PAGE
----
Get Up with It is an album collecting tracks recorded between 1970 and 1974 by Miles Davis. Released on November 22, 1974 as a double LP, it was Davis' last studio album before five years of retirement from music. J. D. Considine, writing in The Rolling Stone Album Guide (2004), described the album's music as "worldbeat fusion".
By 1974, Miles Davis had become not only a music legend in general and a jazz legend in particular, but also a reclusive and confounding character. Davis' music had excited many and exasperated others, including many of his older fans, with its forays into space-age free-form meta-funk. Released in 1974 but unavailable on CD in the US until 2000, GET UP WITH IT is a compendium of several of Miles's early-to-mid-'70s studio adventures, and one of the most challenging albums in his catalog.
ESP marks the beginning of a revitalization for Miles Davis, as his second classic quintet – saxophonist Wayne Shorter, pianist Herbie Hancock, bassist Ron Carter, and drummer Tony Williams – gels, establishing what would become their signature adventurous hard bop. Miles had been moving toward this direction in the two years preceding the release of ESP and he had recorded with everyone outside of Shorter prior to this record, but his addition galvanizes the group, pushing them toward music that was recognizably bop but as adventurous as jazz's avant-garde. Outwardly, this music doesn't take as many risks as Coltrane or Ornette Coleman's recordings of the mid-'60s, but by borrowing some of the same theories – a de-emphasis of composition in favor of sheer improvisation, elastic definitions of tonality – they created a unique sound that came to define the very sound of modern jazz. Certainly, many musicians have returned to this group for inspiration, but their recordings remain fresh, because they exist at this fine dividing line between standard bop and avant.
Sorcerer, the third album by the second Miles Davis Quintet, is in a sense a transitional album, a quiet, subdued affair that rarely blows hot, choosing to explore cerebral tonal colorings. Even when the tempo picks up, as it does on the title track, there's little of the dense, manic energy on Miles Smiles – this is about subtle shadings, even when the compositions are as memorable as Tony Williams' "Pee Wee" or Herbie Hancock's "Sorcerer." As such, it's a little elusive, since it represents the deepening of the band's music as they choose to explore different territory. The emphasis is as much on complex, interweaving chords and a coolly relaxed sound as it is on sheer improvisation, though each member tears off thoroughly compelling solos. Still, the individual flights aren't placed at the forefront the way they were on the two predecessors – it all merges together, pointing toward the dense soundscapes of Miles' later '60s work.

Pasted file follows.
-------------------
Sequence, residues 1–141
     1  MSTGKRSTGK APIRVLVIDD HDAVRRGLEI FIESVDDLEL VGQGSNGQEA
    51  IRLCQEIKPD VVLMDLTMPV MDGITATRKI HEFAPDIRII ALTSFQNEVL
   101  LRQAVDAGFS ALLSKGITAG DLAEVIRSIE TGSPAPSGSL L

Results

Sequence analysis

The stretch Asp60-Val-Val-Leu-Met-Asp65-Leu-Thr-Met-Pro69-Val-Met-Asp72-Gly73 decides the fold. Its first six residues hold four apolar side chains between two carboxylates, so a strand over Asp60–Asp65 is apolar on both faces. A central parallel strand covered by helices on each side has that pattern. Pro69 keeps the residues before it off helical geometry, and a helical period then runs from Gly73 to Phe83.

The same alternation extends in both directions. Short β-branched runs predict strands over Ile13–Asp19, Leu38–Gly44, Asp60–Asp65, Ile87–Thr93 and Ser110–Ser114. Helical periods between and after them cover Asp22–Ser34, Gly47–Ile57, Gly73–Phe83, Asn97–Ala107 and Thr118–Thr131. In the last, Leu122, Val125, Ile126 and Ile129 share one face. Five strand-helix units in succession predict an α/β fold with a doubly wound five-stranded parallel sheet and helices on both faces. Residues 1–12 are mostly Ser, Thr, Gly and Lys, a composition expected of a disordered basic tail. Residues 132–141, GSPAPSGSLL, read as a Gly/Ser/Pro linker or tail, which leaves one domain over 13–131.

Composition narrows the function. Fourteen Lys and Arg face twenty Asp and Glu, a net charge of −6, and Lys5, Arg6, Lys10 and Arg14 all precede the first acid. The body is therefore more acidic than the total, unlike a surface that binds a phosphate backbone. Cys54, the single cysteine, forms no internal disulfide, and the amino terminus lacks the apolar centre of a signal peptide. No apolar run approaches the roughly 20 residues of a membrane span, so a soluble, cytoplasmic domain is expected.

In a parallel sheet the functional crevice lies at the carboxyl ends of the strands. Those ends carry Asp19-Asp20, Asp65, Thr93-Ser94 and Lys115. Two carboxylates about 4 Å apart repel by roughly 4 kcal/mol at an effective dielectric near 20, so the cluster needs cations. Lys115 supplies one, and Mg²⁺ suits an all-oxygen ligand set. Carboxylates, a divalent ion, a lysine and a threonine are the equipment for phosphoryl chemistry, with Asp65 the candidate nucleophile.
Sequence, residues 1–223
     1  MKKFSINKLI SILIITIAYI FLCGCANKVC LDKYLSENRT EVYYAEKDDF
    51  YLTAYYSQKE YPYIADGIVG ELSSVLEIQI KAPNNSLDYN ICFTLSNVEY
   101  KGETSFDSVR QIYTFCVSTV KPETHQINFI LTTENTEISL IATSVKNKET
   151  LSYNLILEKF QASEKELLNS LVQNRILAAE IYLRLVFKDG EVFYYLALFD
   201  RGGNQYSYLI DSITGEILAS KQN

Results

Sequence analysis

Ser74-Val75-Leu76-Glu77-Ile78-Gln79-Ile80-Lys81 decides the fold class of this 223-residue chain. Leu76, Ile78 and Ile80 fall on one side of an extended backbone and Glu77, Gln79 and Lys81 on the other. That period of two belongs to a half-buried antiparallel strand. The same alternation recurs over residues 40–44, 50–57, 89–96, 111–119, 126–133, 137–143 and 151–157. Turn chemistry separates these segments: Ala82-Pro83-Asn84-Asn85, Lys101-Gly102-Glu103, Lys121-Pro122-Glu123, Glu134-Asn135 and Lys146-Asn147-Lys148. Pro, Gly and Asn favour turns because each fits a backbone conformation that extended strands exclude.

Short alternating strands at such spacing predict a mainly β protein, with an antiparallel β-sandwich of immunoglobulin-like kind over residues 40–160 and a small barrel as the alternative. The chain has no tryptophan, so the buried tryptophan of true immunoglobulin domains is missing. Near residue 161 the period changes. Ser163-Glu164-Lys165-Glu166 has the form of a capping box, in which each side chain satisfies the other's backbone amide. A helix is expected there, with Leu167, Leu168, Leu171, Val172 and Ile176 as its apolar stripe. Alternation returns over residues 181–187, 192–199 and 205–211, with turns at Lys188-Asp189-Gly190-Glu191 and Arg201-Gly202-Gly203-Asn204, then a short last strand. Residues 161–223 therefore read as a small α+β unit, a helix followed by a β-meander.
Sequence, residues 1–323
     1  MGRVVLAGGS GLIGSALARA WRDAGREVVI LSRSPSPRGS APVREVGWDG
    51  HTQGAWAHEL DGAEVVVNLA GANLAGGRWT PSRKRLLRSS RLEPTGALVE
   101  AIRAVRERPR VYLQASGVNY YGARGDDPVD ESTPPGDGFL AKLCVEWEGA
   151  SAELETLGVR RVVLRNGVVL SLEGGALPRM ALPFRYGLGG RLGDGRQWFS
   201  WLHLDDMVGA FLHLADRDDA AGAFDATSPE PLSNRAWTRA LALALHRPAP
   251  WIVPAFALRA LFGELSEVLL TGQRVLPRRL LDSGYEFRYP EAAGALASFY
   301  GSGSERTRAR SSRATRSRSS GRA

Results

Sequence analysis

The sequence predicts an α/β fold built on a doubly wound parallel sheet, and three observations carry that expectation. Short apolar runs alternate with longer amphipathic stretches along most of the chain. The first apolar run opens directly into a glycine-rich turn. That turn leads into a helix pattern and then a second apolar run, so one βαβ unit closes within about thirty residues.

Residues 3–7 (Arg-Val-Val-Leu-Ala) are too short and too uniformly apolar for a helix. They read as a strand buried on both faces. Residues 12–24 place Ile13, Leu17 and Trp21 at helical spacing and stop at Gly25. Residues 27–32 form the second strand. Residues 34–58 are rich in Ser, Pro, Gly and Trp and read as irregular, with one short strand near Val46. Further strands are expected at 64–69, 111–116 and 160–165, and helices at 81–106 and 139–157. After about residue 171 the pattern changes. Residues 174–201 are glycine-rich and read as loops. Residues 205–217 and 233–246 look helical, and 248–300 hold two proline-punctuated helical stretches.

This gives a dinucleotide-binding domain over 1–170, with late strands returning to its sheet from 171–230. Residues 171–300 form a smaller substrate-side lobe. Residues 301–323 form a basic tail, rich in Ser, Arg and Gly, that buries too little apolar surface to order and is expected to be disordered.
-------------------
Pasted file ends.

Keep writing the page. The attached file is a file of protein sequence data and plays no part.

Miles Davis' concert of February 12, 1964, was divided into two LPs, with all of the ballads put on My Funny Valentine. These five lengthy tracks (specifically, "All of You," "Stella by Starlight," "All Blues," "I Thought About You," and the title cut) put the emphasis on the lyricism of Davis, along with some strong statements from tenor saxophonist George Coleman and freer moments from the young rhythm section of pianist Herbie Hancock, bassist Ron Carter, and drummer Tony Williams. This hour-long LP complements the up-tempo romps of Four & More.
Nefertiti, the fourth album by Miles Davis' second classic quintet, continues the forward motion of Sorcerer, as the group settles into a low-key, exploratory groove, offering music with recognizable themes – but themes that were deliberately dissonant, slightly unsettling even as they burrowed their way into the consciousness. In a sense, this is mood music, since, like on much of Sorcerer, the individual parts mesh in unpredictable ways, creating evocative, floating soundscapes. This music anticipates the free-fall, impressionistic work of In a Silent Way, yet it remains rooted in hard bop, particularly when the tempo is a bit sprightly, as on "Hand Jive." Yet even when the instrumentalists and soloists are placed in the foreground – such as Miles' extended opening solo on "Madness" or Hancock's long solo toward the end of the piece – this never feels like showcases for virtuosity, the way some showboating hard bop can, though each player shines.